A few days since a civil court of jurisdiction (which consisted of the judge advocate, the Reverend Mr. Johnson, and myself), was convened, by his excellency, to hear a complaint made against Duncan Sinclair, master of the Alexander transport, by Henry Coble and Susannah his wife (the Norwich convicts who so much excited the public attention), for the non-delivery of a parcel sent on board the Alexander, by Mrs. Jackson of Somerset Street, containing wearing apparel, books, and other things, for the use of the said Henry Coble, his wife, and child, value twenty pounds. The parcel was proved (and this even by the acknowledgment of the master) to have been received on board; and it likewise appeared in evidence that, on moving it from one part of the ship to another, the package had broken and the books had fallen out, which books the convict said had been delivered to him.
The court, after deducting five pounds (the value of the books received), gave a verdict in favour of the couple, in whose cause the world had seemed so much to interest themselves, and in consequence of the authority unto them granted by Act of Parliament, in such cases made and provided, they adjudged the master of the transport fully to compensate the loss of the convicts, amounting to fifteen pounds. [185] 
Sinclair considered it as oppressive to be obliged to pay for that on account of which he had not received any freightage, but this objection had no weight with the court, as the ship was in the service of government and paid for the sole purpose of conveying these people, and the little property which they possessed, to this country.
13th. The Alexander, Friendship, and Prince of Wales transports, with the Borrowdale victualler, sailed for England. His Majesty's brig the Supply sailed at the same time for Norfolk Island, with provisions, &c. for the people there.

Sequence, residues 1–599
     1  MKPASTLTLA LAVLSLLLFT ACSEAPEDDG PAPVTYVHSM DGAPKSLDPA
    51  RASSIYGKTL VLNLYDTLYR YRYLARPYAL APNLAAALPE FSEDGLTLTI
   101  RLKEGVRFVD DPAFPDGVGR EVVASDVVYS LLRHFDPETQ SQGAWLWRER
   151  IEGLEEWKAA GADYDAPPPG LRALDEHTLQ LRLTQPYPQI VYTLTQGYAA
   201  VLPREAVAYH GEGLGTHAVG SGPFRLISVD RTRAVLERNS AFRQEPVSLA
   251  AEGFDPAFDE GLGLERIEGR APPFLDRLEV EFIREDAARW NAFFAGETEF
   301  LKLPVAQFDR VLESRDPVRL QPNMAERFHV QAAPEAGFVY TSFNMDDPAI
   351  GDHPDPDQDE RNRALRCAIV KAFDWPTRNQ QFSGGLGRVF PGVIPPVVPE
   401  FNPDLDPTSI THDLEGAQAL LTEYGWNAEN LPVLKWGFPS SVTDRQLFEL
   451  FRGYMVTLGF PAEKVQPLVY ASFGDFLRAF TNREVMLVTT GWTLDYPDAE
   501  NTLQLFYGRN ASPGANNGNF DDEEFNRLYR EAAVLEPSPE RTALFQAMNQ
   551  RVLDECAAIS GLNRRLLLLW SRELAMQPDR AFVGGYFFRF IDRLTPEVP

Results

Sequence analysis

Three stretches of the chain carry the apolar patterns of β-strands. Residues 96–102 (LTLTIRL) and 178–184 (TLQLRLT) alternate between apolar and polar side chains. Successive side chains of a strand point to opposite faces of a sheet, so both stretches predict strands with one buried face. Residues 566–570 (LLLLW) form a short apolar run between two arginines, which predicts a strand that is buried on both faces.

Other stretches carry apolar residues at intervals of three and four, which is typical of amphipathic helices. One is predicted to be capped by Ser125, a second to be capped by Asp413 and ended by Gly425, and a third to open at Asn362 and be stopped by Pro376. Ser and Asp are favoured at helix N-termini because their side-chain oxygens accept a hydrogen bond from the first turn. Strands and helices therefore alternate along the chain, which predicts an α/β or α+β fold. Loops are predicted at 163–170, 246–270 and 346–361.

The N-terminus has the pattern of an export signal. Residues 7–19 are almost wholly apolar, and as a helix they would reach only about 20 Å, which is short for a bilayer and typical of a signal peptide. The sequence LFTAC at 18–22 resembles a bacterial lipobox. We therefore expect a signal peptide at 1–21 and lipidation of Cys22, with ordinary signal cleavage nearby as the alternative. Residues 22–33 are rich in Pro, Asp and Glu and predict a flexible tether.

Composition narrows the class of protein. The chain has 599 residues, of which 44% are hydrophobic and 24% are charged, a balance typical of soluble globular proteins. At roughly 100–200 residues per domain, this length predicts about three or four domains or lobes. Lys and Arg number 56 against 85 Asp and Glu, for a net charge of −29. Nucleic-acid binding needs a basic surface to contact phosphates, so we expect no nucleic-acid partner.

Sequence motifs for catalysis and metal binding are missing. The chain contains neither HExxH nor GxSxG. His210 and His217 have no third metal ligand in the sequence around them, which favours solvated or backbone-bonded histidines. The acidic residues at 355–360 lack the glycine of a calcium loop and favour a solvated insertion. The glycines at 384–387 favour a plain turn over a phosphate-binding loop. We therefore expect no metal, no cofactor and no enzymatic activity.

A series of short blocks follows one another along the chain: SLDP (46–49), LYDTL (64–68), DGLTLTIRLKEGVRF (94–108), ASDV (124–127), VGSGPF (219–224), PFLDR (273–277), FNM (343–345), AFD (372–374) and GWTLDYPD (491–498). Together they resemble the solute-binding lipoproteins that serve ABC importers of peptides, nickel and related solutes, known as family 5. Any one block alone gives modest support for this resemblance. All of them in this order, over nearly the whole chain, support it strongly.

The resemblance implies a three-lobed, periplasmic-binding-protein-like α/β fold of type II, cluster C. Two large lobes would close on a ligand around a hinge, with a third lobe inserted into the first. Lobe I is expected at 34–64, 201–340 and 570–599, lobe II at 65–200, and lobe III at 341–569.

21st. I went down the harbour, with the master of the Golden Grove victualler, to look for a cabbage tree as a covering for my hut. On our return, we fell in with three canoes that had been out fishing. We rowed towards them, when the natives in them suddenly appeared intimidated, and paddled away with all possible dispatch. Willing to convince them that they had nothing to dread from us, we rowed after them, in order to present them with some trifles which we had about us. When we approached the canoes, an old woman in one of them began to cast her fish overboard, in great haste; whether it was for fear that we should take them from her, or whether she threw them to us, we could not ascertain. However, when we came along-side, our conduct soon convinced her that her alarms, with respect to us, were groundless. [186] 
She had in the canoe with her a young girl, whom, as she wore a complete apron, we could not help considering as such an instance of female decency, as we had not at any other time observed among the natives. The girl did not betray the least sign of apprehension, but rather seemed pleased at the interview. She laughed immoderately, either at us or at the petulance shown by the old woman, who, I believe, was more terrified on the girl's account than on her own.
After this we left them fully satisfied that we did not mean to offer them any injury.